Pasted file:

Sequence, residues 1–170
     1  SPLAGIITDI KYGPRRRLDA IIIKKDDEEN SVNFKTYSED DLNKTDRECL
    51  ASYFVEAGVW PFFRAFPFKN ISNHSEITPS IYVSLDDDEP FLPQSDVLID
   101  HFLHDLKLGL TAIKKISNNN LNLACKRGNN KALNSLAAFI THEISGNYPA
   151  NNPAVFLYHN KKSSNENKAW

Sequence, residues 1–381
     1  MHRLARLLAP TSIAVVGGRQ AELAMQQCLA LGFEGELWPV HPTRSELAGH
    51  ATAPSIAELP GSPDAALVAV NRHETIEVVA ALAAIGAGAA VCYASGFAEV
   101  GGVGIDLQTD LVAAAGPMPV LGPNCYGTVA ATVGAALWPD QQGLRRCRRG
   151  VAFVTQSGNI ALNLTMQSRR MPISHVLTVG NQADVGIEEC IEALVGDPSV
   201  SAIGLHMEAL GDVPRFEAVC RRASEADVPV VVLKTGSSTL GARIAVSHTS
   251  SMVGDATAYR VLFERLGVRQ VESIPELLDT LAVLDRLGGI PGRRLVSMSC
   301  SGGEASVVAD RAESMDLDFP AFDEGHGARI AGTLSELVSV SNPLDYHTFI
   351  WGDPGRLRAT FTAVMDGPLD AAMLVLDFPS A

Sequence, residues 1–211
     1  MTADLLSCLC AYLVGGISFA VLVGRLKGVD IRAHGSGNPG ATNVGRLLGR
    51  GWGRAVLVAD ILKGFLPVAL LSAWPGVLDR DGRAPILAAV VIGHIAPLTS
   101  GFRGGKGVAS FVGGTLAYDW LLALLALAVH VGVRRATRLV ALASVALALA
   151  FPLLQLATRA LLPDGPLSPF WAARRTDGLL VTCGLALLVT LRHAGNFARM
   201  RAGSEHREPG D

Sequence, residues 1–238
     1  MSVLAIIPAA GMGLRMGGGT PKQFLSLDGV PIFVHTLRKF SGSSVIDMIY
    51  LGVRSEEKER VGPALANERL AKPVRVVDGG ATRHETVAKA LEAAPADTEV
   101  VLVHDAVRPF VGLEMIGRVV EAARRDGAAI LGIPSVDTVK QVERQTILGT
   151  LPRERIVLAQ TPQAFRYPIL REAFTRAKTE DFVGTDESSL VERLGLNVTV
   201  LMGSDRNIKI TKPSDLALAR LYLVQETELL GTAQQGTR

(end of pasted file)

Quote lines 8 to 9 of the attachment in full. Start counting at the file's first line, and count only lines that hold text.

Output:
    51  ATAPSIAELP GSPDAALVAV NRHETIEVVA ALAAIGAGAA VCYASGFAEV
   101  GGVGIDLQTD LVAAAGPMPV LGPNCYGTVA ATVGAALWPD QQGLRRCRRG